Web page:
Log files contain messages about the system, including the kernel, services, and applications running on it. There are different log files for different information.
For example, there is a default system log file, a log file just for security messages, and a log file for cron tasks.
Log files can be very useful when trying to troubleshoot a problem with the system, such as trying to load a kernel driver or when looking for unauthorized login attempts to the system.
This chapter discusses where to find log files, how to view log files, and what to look for in log files.
Log files track each request made to your website. They record information such as time and date of request, remote host, and the file accessed. Perhaps the most useful record it keeps is the URL of the page that referred to your website.
Please Note: Information from Log files are automatically converted by the reporting system, WEBTRENDS, into meaningful information and provided to all customers free of charge.
On even a moderately busy server, the quantity of information stored in the log files is very large. The access log file typically grows 1 MB or more per 10,000 requests. It will consequently be necessary to periodically rotate the log files by moving or deleting the existing logs.
This cannot be done while the server is running because Apache will continue writing to the old log file as long as it holds the file open. Instead, the server must be restarted after the log files are moved or deleted so that it will open new log files.
By using a graceful restart, the server can be instructed to open new log files without losing any existing or pending connections from clients.
However, in order to accomplish this, the server must continue to write to the old log files while it finishes serving old requests. It is, therefore, necessary to wait for some time after the restart before doing any processing on the log files.
Apache httpd is capable of writing errors and accessing log files through a pipe to another process rather than directly to a file. This capability dramatically increases the flexibility of logging without adding code to the main server.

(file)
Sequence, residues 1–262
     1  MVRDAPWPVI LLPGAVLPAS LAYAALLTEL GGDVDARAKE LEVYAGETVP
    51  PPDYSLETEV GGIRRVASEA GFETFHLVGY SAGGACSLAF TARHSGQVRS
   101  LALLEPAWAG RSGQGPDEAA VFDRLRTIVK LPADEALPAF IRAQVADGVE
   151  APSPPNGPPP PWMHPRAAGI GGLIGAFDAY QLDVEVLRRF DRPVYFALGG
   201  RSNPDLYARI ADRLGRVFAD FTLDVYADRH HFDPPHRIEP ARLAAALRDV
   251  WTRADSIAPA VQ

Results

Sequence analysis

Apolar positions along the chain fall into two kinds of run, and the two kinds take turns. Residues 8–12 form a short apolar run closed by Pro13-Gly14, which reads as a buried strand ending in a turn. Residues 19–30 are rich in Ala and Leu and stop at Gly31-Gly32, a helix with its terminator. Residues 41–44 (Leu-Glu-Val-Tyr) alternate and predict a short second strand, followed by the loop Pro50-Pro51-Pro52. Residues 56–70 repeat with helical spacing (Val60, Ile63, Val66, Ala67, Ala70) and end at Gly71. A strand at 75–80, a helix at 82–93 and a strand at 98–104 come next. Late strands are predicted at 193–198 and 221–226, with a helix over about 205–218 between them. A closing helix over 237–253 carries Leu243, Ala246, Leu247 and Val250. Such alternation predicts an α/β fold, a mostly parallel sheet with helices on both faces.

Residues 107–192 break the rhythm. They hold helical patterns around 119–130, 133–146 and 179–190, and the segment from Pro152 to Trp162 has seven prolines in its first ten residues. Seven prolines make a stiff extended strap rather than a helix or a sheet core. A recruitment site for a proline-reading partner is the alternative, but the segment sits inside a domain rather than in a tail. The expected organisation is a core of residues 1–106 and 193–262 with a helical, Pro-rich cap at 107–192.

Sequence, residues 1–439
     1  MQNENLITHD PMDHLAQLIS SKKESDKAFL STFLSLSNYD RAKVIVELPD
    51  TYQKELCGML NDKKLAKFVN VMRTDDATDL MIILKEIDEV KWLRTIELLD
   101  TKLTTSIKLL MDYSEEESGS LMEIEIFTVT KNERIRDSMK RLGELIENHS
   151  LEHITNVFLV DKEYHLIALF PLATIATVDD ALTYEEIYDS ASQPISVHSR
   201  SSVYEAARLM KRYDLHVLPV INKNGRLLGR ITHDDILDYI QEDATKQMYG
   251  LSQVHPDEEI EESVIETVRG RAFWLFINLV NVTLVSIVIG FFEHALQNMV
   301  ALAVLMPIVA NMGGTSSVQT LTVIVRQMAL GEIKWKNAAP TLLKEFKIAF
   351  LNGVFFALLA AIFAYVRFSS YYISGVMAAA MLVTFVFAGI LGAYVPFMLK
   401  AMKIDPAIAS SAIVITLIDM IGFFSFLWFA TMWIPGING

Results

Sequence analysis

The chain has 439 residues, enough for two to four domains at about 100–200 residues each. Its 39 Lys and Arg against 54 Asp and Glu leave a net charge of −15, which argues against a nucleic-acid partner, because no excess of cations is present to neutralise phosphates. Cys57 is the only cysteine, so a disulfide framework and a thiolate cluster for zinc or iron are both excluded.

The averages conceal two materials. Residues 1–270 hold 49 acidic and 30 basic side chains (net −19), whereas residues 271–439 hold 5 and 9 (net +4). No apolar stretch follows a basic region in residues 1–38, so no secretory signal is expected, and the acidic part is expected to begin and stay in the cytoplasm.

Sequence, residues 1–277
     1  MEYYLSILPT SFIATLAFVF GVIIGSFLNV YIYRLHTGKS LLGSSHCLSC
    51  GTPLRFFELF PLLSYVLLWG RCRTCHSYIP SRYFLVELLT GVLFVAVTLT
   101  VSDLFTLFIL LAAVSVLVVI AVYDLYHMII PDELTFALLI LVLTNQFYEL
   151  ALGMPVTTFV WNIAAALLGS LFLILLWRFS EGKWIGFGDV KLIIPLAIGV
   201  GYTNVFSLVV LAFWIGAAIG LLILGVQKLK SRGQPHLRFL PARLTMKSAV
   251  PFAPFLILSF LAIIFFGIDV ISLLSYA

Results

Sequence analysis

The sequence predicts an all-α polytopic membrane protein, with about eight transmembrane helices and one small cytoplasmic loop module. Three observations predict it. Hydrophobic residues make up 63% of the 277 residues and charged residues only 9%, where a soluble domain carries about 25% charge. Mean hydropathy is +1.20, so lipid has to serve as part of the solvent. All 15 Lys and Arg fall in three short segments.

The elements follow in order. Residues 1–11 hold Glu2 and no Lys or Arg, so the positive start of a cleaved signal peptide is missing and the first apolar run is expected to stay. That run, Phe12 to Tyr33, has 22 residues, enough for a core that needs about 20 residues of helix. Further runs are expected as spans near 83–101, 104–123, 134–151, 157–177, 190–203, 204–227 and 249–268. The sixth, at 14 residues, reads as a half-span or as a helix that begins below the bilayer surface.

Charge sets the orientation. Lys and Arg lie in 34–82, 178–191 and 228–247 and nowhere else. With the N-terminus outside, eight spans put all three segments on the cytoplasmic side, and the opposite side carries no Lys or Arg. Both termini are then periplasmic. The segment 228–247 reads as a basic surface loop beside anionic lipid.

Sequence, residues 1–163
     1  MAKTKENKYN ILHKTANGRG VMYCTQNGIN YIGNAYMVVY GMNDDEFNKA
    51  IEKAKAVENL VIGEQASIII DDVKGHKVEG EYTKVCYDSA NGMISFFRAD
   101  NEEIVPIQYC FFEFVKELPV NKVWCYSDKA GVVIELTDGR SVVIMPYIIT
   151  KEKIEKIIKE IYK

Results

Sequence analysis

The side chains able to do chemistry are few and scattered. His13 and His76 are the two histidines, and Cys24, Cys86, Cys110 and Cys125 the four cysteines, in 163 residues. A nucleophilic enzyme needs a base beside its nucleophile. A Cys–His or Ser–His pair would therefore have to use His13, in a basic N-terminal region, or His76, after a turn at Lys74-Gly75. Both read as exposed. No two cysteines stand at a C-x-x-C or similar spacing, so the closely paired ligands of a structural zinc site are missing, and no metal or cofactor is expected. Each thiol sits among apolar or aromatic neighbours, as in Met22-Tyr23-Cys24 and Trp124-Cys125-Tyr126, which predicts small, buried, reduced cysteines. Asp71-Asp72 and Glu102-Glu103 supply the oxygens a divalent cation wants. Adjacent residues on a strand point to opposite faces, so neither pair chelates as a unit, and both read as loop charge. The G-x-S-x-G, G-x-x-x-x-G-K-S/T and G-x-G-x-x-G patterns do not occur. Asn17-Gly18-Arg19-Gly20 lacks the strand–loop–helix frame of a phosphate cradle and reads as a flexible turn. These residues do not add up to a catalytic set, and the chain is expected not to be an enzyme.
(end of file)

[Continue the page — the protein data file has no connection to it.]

In order to write logs to a pipe, simply replace the filename with the pipe character "|," followed by the name of the executable, which should accept log entries on its standard input.
Apache will start the piped-log process when the server starts and will restart it if it crashes while the server is running.
On startup, Apache httpd saves the process id of the parent httpd process to the file logs/httpd.pid. This filename can be changed with the PIDFile directive.
The process-id is for use by the administrator in restarting and terminating the daemon by sending signals to the parent process; on Windows, use the -k command-line option instead.
In order to aid in debugging, the ScriptLgo directive allows you to record the input to and output from CGI scripts. This should only be used in testing - not for live servers.
When using the powerful and complex features of a mod-rewrite, it is almost always necessary to use the RewriteLog to help in debugging. This log file produces a detailed analysis of how the rewriting engine transforms requests.
The level of detail is controlled by the RewriteLogLevel directive.
Most log files are located in the /var/log/ directory. Some applications such as httpd and samba have a directory within /var/log/ for their log files.
You may notice multiple files in the log file directory with numbers after them. These are created when the log files are rotated. Log files are rotated, so their file sizes do not become too large.
The logrotate package contains a cron task that automatically rotates log files according to the /etc/logrotate.conf configuration file and the configuration files in the /etc/logrotate.d/ directory. By default, it is configured to rotate every week and keep four weeks' worth of previous log files.
Most log files are in plain text format. You can view them with any text editor such as Vi or Emacs. Some log files are readable by all users on the system; however, root privileges are required to read most log files.
To view system log files in an interactive, real-time application, use the Log Viewer. To start the application, go to Applications (the main menu on the panel) => System Tools => System Logs, or type the command system-log viewer at a shell prompt.
To add a log file to the list, select Edit => Preferences and click the Add button in the Log Files tab.